Truth in Society

Thursday, Sept. 29, 1994

Prompt #18


Now what?

Make sure that you pick up a copy of each of the six "descriptive overviews" that we worked so hard to produce this week.

Between now and Tuesday, take time to carefully read each one. Prepare a statement that you can bring to class on Tuesday in which you identify the two episodes that you'd find easiest to recommend. Just telling us that these episodes you found "interesting" or "relevant" will not be very useful. Probe your preferences, elaborating the reasons or grounds for your choices. Write at least a couple of pages on each recommended episode.

Notice in the previous paragraph, we used the phrase "elaborating the reasons or grounds for your choices," rather than "telling the reasons" or "giving the reasons." Elaborating means spelling out in considerable detail, and that's part of what we are trying to get at. But the other part is that "telling" or "giving" implies that you yourself are already fully aware of those reasons, and that the task is simply one of communicating them to the rest of us. Indeed, that may be the case. However, don't be surprised if you discover that it is not like this, and that you really don't know all that much about why some episodes are more appealing than other. In elaborating your reasons, then, you are in a sense establishing for yourself what they are. This is necessary if you want to be very effective in influencing someone else.

When we try to explain -- first to ourselves and then to others -- why we believe or feel or act as we do, we should not be alarmed if our thinking changes in the process. We can even learn from the discomfort we may feel, reading this as a sign that our understanding of ourselves and our world is deepening. Being able to elaborate the reasons for our choices is surely what we strive for when we pursue a liberal education.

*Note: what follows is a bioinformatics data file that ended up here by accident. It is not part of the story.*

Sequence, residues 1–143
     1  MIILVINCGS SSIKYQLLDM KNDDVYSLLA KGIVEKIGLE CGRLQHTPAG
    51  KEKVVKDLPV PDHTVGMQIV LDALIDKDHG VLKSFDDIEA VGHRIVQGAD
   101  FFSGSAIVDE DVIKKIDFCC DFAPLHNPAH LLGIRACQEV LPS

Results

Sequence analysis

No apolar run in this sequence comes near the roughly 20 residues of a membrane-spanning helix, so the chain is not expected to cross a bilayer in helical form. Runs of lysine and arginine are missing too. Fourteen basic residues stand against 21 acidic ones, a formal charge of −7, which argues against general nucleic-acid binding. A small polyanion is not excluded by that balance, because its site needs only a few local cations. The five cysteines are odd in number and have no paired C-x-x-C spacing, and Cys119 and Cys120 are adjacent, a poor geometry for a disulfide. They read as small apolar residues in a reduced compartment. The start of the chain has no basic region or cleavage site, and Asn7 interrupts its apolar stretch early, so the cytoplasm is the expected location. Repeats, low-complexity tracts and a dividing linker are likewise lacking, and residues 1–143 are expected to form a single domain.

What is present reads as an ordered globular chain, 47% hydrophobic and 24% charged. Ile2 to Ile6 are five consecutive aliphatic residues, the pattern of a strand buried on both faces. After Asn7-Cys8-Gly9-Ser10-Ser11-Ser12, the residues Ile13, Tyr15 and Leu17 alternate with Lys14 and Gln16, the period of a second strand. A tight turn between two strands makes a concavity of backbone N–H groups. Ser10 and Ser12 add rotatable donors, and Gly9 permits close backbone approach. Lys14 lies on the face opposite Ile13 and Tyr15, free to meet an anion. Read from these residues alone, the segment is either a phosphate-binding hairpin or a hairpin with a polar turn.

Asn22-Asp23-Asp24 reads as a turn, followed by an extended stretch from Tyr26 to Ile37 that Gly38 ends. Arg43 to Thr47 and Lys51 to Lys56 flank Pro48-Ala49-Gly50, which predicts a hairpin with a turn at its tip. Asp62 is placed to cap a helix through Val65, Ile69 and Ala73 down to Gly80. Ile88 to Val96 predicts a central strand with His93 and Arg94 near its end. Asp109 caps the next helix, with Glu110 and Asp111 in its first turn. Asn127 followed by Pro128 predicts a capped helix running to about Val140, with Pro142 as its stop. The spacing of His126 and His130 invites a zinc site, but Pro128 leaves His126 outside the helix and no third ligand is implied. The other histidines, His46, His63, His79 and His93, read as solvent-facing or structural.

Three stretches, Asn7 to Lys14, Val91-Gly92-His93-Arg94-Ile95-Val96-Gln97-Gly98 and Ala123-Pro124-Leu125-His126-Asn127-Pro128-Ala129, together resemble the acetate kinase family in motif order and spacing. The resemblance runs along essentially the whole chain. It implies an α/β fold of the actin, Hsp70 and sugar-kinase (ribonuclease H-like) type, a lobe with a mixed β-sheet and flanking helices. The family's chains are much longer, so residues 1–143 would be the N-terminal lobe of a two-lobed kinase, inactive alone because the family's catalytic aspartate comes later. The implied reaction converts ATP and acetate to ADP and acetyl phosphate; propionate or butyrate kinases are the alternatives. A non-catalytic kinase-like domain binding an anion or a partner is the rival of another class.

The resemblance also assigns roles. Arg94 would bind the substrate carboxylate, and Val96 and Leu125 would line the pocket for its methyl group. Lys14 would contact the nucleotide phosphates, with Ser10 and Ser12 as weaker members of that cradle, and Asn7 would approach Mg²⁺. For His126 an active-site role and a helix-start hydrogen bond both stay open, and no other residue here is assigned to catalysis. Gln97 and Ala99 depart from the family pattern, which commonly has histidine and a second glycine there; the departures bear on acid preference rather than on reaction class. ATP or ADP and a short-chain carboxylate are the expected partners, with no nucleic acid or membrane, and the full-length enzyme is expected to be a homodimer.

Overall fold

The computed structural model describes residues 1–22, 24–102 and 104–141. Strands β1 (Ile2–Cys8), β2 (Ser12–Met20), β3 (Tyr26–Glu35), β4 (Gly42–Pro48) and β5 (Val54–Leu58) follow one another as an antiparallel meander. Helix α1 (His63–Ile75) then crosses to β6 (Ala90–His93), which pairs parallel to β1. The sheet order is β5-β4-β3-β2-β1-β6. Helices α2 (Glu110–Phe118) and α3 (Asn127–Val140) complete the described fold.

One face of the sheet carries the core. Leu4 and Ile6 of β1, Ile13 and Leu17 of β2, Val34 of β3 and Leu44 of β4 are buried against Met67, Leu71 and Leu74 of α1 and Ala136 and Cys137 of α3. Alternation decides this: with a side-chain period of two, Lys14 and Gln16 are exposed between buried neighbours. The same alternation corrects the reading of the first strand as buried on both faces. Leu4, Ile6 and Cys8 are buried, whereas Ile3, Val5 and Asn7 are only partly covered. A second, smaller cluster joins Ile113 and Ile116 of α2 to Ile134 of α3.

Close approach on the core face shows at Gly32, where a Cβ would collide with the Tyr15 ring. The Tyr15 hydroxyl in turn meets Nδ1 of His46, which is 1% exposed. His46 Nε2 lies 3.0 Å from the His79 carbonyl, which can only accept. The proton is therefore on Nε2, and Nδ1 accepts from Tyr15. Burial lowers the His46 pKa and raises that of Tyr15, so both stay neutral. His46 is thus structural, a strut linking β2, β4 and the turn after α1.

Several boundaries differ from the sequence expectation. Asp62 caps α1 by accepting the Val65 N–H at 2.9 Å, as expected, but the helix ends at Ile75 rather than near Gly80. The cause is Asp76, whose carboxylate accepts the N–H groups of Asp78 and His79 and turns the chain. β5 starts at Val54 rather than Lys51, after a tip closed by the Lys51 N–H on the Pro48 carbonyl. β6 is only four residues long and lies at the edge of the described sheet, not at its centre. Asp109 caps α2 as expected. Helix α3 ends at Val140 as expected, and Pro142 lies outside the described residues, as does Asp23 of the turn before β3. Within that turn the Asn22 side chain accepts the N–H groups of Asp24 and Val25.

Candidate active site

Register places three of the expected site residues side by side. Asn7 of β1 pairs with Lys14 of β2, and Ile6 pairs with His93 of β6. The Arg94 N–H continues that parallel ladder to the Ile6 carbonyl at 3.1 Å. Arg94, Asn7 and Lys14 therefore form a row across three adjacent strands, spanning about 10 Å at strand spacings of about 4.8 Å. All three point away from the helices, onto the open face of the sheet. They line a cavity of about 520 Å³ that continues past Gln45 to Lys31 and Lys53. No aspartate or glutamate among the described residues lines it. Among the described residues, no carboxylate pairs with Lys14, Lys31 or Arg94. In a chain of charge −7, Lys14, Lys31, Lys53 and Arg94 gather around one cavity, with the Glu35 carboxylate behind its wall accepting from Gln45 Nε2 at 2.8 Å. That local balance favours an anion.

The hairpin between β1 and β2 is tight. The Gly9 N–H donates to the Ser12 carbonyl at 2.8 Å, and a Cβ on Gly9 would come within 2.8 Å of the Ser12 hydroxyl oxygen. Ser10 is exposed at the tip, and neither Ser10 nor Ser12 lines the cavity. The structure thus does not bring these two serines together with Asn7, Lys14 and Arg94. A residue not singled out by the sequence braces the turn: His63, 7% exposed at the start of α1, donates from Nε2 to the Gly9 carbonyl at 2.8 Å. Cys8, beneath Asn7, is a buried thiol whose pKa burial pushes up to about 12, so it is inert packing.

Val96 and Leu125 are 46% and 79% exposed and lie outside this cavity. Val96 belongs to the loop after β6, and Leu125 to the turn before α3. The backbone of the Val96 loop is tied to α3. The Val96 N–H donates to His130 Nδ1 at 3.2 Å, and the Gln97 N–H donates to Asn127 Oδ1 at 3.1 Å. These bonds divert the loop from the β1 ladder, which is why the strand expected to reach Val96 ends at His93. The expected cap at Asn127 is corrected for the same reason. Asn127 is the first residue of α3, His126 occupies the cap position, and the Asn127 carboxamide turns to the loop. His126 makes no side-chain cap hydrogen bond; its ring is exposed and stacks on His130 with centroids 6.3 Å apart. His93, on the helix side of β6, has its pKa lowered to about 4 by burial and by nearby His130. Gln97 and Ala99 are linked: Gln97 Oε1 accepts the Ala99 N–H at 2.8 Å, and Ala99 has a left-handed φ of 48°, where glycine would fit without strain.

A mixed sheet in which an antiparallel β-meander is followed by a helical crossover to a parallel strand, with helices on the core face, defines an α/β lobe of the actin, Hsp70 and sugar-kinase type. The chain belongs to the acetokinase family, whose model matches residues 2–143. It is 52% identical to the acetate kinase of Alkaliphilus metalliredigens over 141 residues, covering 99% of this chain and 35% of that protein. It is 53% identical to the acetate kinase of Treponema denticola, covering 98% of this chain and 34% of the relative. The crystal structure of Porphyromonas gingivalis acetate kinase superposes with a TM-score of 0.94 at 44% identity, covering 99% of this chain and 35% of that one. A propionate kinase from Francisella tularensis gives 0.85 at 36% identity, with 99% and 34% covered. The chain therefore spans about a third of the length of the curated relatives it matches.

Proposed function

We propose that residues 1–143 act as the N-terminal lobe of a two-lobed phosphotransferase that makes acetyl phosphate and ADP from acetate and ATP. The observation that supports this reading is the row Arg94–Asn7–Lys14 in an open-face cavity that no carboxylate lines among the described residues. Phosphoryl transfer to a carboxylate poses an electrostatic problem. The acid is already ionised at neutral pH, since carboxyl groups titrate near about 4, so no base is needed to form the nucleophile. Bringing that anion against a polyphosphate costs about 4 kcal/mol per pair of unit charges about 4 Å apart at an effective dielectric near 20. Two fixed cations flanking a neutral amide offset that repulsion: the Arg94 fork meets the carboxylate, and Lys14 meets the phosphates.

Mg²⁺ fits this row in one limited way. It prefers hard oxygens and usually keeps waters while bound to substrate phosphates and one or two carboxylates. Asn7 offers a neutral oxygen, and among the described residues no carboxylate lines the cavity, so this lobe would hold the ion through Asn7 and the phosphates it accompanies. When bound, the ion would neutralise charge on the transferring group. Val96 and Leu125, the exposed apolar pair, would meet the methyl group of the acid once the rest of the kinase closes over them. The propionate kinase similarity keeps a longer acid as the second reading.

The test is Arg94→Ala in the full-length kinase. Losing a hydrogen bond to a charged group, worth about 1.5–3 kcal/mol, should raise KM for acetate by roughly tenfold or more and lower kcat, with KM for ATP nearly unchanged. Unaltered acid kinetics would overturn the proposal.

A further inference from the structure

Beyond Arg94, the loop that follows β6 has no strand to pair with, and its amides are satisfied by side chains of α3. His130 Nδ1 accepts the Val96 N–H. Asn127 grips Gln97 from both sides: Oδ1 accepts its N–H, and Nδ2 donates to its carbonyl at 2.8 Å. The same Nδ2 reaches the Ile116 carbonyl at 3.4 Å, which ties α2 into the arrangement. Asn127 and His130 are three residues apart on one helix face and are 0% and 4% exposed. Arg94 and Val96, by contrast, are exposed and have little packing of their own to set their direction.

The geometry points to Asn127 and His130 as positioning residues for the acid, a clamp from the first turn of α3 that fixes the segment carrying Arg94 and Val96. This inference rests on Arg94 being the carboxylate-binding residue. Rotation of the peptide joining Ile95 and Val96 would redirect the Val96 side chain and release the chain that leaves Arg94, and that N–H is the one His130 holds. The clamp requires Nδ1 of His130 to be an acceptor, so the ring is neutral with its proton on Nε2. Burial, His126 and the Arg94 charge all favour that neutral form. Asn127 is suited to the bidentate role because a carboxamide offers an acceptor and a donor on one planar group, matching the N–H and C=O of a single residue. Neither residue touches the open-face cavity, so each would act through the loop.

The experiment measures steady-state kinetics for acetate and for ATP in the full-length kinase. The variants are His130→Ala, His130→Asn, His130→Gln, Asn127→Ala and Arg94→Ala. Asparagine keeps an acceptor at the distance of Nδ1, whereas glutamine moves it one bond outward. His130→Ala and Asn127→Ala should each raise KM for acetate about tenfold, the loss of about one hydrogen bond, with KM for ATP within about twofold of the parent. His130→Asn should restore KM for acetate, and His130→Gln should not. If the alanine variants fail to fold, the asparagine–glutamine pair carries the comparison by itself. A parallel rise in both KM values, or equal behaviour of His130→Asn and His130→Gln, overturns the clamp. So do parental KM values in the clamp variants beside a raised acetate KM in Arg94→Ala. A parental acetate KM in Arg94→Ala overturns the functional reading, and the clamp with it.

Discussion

As we move towards decisions about which three episodes to continue working on,, we will want to take into account not only the arguments for and against particular ones, but the benefits and drawbacks of various combinations. Will we want to pick episodes that are all similar in some respects, so that links and connections will be easy to make? (Similar in what ways?) Or will we want to maximize the variety, in terms of the socio-historical contexts involved? Perhaps even more important: what might make an espisode a good one? Should it be one that we have strong feelings about to start with, or one that offers lots of opportunities to understand different kinds of beliefs? One that gives us lots of clear examples of belief in conflict and change? One that will make it possible for us to learn more about the people who do the believing? One that will make it possible for us to find out about the people and beliefs around the people doing the believing? These are matters to think, write and talk about.

So what we need for Tuesday is not simply a statement of your preferences or opinions, but an elaboration of your reasons. When we get together, it will be very interesting to see the various way in which the individuals in the room reason. One important lesson that may emerge is that there can be many different, even conflicting reasons, any of which might qualify as "good."

One more thing: don't forget to bring your reflection on the "When Rights Collide" conference with you Tuesday morning as well.


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